The T-cell receptor is encoded by a gamma-delta and an alpha-beta gene complex. As the T-cell matures, the first rearrangement occurs in the gamma-delta gene complex. If this initial rearrangement is successful in producing a non-host reactive protein, such cells develop into mature CD3+, gamma-delta+, CD4-, CD8-, lymphocytes. Some of these cells migrate to the skin and others circulate within the peripheral blood. When this primary rearrangement is unproductive, the alpha-beta T-cell receptor gene complexes then undergo rearrangement, to produce CD3+, alpha-beta+, CD4+, CD8+ cells. Such cells circulate in the blood in a ratio of approximately 2-3:1, and constitute approximately 70% of all lymphocytes. After exit from the thymus to the circulation, T-cells undergo further maturation; skin is one site where maturation occurs in the presence of a variety of cytokines and skin-specific cell adhesion molecules. Not all T-cells migrate to and differentiate in the skin, as only those with homing receptors for cutaneous vascular adressins will do so.

Several theories have been proposed to explain the pathogenesis of the disorder known as cutaneous T-cell lymphoma (CTCL), or mycosis fungoides (MF). The first of two leading hypothesis proposes that MF is a disorder of malignant helper CD4+ T-cells, with a single neoplastic clone present at the very start of the disease process. The second hypothesis postulates a two stage process: a phase of chronic antigenic stimulation which results in a benign polyclonal proliferation of T lymphocytes, in which one clone is mutated (by polymerase errors, exposure to endogenous oxygenating agents, or an exogenous mutagen) and dominates the T-cell infiltrate. Cells are stimulated to develop "malignant potential," and to proliferate freely in the skin subsequently producing lesions clinically consistent with CTCL.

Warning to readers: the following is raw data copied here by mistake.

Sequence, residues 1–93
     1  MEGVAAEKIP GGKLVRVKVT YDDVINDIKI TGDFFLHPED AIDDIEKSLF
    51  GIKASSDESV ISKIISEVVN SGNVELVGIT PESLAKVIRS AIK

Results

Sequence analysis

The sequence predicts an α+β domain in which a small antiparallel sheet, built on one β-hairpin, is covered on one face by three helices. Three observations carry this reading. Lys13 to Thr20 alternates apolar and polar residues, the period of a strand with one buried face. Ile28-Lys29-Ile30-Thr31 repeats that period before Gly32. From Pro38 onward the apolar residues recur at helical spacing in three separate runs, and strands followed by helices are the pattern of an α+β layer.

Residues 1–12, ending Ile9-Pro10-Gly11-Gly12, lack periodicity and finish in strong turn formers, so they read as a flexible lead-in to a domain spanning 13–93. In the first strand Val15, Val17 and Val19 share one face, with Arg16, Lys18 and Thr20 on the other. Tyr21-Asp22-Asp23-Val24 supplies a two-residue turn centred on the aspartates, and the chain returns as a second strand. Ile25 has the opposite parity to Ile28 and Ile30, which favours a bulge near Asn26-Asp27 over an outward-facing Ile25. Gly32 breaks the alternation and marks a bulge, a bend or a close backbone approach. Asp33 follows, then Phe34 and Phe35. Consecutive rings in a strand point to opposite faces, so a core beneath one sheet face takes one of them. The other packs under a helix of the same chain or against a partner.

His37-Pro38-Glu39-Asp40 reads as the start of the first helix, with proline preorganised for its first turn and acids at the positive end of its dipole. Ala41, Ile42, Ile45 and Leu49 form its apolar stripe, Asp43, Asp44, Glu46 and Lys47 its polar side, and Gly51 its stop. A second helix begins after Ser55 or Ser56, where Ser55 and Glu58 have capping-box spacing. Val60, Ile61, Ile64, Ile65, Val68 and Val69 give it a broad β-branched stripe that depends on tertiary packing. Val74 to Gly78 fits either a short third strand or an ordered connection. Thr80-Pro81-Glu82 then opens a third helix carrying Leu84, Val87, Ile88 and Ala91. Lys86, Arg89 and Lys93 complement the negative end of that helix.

Weiss et. al. clearly demonstrated that cutaneous T-cell lymphoma (Mycosis Fungoides) is a disorder resulting from an expansion of a neoplastic clone of T-cells with characteristic rearrangements in T-cell receptor genes. Therefore, it should be possible to determine whether a "clinical recurrence" derives from the original neoplastic clone or represents a different neoplastic clonal T-cell expansion (which would reveal a second primary) by comparing the T-cell receptors (and/or the genes which have been rearranged to produce the receptor) in the primary lesion and the recurrence. This is an example of one area of research which our group has pursued.

Girardi M, Heald P.W., Wilson L.D.: The Pathogenesis of Mycosis Fungoides. New England Journal of Medicine 350:1978, 2004)

Selected Publications

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Contact Info

Lynn D. Wilson, MD, MPH, FASTRO
Patient Care Location
Yale Therapeutic RadiologySmilow Cancer Hospital at Yale - New Haven
35 Park Street, Ste LL507

New Haven, CT 06511
Office Location
Yale Therapeutic RadiologySmilow Cancer Hospital at Yale - New Haven
35 Park Street, Ste LL507

New Haven, CT 06511
Mailing Address
Therapeutic RadiologySmilow Cancer Hospital
35 Park Street

New Haven, CT 06520-8040